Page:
For other staffing companies that would like to offer candidates that desired flexibility, Thornton says, "Change the paradigm of face time to results. Logistics should always be second to the work product. Also, really screen for talent that will thrive in a flexible work environment, [such as] a professional’s ability to self-motivate and manage his/her energy without needing a traditional work environment."

Experience counts
In 2002, times were tough in the staffing industry, and no one knew that better than Stephanie Klein. At the time, she was working for a large staffing company in Denver, which had been hard-hit by declines in its telecom, finance and call-center businesses.

"I had a large financial services company client that was growing," Klein says. "I’d come to work and get all these voice mails from young candidates who had no work ethic—and weren’t coming in to work."

Then Klein encountered a mature candidate with a nontraditional background who was strong in accounting. "I placed this woman with the company," she says. The woman showed up at work every day, had great ideas and sent Klein a thank-you note.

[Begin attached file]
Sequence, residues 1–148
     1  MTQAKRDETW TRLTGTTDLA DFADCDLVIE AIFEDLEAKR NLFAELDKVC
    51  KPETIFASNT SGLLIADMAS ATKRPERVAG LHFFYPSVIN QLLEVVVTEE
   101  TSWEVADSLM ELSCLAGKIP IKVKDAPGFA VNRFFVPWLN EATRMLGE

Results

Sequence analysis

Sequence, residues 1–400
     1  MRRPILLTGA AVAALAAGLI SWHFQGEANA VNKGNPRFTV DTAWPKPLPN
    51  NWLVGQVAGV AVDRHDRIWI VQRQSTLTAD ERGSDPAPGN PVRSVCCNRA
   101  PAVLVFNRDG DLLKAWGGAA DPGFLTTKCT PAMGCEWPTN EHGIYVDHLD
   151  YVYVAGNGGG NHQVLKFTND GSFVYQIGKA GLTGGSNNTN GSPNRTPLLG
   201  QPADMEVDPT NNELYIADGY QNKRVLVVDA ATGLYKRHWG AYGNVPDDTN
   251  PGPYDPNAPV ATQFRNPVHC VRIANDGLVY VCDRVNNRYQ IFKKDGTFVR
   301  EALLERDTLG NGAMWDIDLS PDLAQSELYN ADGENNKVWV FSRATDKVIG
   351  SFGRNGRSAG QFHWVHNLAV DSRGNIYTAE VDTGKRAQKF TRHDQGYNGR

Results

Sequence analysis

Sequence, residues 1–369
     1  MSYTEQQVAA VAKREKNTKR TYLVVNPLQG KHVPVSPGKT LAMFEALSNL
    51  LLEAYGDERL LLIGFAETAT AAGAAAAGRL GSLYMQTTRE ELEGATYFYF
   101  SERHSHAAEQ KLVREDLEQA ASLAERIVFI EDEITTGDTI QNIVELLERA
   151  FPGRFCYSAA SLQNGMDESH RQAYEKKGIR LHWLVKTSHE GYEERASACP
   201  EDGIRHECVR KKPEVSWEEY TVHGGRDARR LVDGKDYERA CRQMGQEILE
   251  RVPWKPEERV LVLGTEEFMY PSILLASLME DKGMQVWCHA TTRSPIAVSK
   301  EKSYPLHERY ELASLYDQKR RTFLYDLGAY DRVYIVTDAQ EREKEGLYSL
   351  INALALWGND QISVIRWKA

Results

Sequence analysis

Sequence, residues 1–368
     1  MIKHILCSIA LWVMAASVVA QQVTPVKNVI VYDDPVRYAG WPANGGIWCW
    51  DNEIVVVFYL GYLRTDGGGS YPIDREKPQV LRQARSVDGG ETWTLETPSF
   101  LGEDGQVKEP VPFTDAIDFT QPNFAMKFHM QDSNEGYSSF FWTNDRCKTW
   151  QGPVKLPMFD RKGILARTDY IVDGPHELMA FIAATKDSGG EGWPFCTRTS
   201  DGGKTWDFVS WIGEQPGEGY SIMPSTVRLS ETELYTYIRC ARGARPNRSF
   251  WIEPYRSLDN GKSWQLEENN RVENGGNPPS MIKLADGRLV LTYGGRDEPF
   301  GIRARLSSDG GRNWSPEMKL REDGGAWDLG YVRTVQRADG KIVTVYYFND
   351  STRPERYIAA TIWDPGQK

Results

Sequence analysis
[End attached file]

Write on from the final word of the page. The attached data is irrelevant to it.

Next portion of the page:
"That was the secret," Klein says. "As those young people left, unknown to my employer, I backfilled [their positions] with mature people."

While that was happening, Klein researched boomers. She developed a business plan, used her savings and got a bank loan, and the Boomer Group was born, opening for business in January 2004.

Most of the positions the Boomer Group fills are midlevel or senior level, because clients are paying for experience—both life and business experience.

"I get two kinds of calls," Klein says. " ‘Bring me something specific with this kind of background in this area,’ or ‘Bring me someone with good experience and a good work ethic who can be diplomatic and handle our customers.’ "

She provides candidates with backgrounds in administration, finance and accounting, HR and marketing.

Klein finds clients through networking and cold and warm calling. The company has also gotten a lot of positive press, and that has brought clients in as well.

"Denver has the highest number of boomers per capita," Klein says. "There are a lot of initiatives on encore careers. I’ve gotten involved in those, and I make a lot of connections that way."

At just 40 years old, Klein isn’t a boomer.

"I’m a younger person who values experienced people," she says. "When I first started, I had the intention of saying that mature people are better workers than younger ones. Now, we don’t say that all young people have a poor work ethic; we say that for certain key positions, experience counts. This is our difference."